This week, Community Solutions released profiles for each of Cleveland’s neighborhoods. Check out the profiles here. In this blog, I’ll share some of the highlights found in the data. Look out for another blog later in the week where I will call attention to some neighborhoods to watch, for better or worse.
Cleveland’s neighborhoods vary in size, though some are very populous. Kamm’s, Glenville, and Old Brooklyn each have more residents than the city of Solon. The Downtown, University, and Edgewater neighborhoods have the lowest percentage of children (4 percent, 7 percent, and 13 percent respectively), while Cuyahoga Valley, Central, Buckeye-Woodhill, and Kinsman each are comprised of at least 30 percent children. The highest proportions of older adults (age 65+) live in Fairfax, Lee-Seville, and Lee-Harvard.
Anecdotally, many Clevelanders recognize that the city remains residentially segregated by race; most White people live on the west side, and most Black or African American people live on the east side. The data in the profiles bear that out. The neighborhoods with the highest percentage of White residents are Kamm’s (86 percent white) and Old Brooklyn (80 percent white). Predominately African American neighborhoods are much more concentrated. Eleven neighborhoods in Cleveland are comprised of over 90 percent African American residents: Mount Pleasant, Kinsman, Lee-Seville, Lee-Harvard, Union-Miles, Glenville, Buckeye-Woodhill, Fairfax, Euclid-Green, Hough, and Central. Ten percent of Clevelanders identify as having Hispanic or Latino ethnicity, and Latino residents are most heavily concentrated on the near west side in the Clark-Fulton (48 percent Latino), Stockyards (32 percent Latino), and Brooklyn Centre (32 percent Latino) neighborhoods. While only 1.7 percent of city residents identify as Asian/Pacific Islander, a few neighborhoods have higher proportions of Asians: Goodrich-Kirtland Park (27.5 percent), University (12.6 percent), and Downtown (7.1 percent).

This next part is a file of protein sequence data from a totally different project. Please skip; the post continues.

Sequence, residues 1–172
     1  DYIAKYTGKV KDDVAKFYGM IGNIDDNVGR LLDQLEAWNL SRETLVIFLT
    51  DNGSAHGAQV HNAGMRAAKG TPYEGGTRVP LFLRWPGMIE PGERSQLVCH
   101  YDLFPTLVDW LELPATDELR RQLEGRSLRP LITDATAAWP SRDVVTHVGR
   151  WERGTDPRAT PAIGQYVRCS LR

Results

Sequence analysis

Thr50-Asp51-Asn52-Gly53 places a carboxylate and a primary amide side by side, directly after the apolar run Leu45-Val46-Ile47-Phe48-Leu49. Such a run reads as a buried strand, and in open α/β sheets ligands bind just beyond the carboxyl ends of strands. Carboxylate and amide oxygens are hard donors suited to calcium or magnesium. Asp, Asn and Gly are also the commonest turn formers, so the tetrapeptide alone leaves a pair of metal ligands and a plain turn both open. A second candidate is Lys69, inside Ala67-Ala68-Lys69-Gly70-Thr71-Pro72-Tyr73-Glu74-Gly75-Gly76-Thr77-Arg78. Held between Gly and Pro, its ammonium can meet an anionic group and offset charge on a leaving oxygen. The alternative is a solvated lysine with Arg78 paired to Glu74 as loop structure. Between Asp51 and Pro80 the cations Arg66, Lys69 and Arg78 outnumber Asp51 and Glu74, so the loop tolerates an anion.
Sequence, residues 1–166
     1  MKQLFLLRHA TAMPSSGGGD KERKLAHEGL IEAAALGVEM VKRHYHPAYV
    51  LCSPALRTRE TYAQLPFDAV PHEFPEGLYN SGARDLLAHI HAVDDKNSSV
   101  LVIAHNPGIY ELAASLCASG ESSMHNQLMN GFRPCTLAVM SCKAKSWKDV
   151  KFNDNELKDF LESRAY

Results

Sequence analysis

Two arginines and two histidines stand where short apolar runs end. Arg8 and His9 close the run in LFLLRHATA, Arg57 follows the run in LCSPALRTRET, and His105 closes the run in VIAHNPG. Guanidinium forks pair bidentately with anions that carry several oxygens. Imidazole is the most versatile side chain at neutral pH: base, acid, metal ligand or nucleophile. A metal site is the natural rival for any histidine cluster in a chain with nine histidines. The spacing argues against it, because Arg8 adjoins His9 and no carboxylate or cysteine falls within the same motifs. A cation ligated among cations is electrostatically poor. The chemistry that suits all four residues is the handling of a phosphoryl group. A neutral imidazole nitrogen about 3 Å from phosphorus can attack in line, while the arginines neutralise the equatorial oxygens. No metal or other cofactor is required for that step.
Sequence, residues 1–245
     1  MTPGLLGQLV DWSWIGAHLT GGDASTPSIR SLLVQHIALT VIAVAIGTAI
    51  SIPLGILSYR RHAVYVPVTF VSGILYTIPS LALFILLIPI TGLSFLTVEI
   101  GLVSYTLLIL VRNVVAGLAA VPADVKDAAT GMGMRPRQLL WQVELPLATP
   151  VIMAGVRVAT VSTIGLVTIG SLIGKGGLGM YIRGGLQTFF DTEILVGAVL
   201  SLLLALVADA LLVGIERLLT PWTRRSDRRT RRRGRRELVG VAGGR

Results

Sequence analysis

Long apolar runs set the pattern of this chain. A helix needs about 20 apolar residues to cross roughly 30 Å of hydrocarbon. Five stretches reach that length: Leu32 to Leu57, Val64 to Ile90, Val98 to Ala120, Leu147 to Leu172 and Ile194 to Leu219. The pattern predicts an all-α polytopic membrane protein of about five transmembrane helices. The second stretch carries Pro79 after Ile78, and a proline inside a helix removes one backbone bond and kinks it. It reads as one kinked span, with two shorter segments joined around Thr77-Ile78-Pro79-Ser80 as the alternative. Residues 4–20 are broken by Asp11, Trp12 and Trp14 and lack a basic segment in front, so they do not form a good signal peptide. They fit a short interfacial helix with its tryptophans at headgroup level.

Employment and Income
Labor force participation, or the percent of people who are either employed or looking for a job, is highest in Tremont, Edgewater, Kamm’s, Old Brooklyn, and Jefferson. Each of those neighborhoods is also among the top ten highest median household incomes in the city with incomes ranging from just over $30,000 to nearly $48,000 annually; for reference, Ohio’s median household income is over $48,000.
Not surprisingly, the percentage of people on Social Security is highest in places with a higher proportion of seniors. Lee-Harvard, Lee-Seville, and Fairfax have the highest rates of households with Social Security income. Cash Public Assistance (known in Ohio as Ohio Works First) is available for only those in very deep poverty. Fairfax, Clark-Fulton, Cudell, and Central have the highest rates of cash public assistance income, ranging from 12 to 19 percent.
We hear a lot about gentrification – the idea that as neighborhoods experience investment, they become more desirable, which raises housing prices so that residents can often no longer afford to live there. In Cleveland’s case, the data are not yet showing signs of this. Housing unaffordability is highest in neighborhoods like St. Clair-Superior, Stockyards, Buckeye-Woodhill, Mount Pleasant, and Kinsman, all of which have median household incomes of less than $23,000 annually. While it’s impossible to pinpoint the exact cause of housing unaffordability for these neighborhoods, I would hypothesize that it has more to do with low incomes than high rents. I’ll talk more about some neighborhoods that have experienced increased investment in a subsequent blog, and for the most part, they are not experiencing housing unaffordability at the same rates as some of Cleveland’s poorer neighborhoods are.
This blog is really only a snapshot of the data that can be found in our Neighborhood Profiles. I’d encourage you to check them out to see what stands out to you. Feel free to contact me with questions or comments at kwarren@CommunitySolutions.com.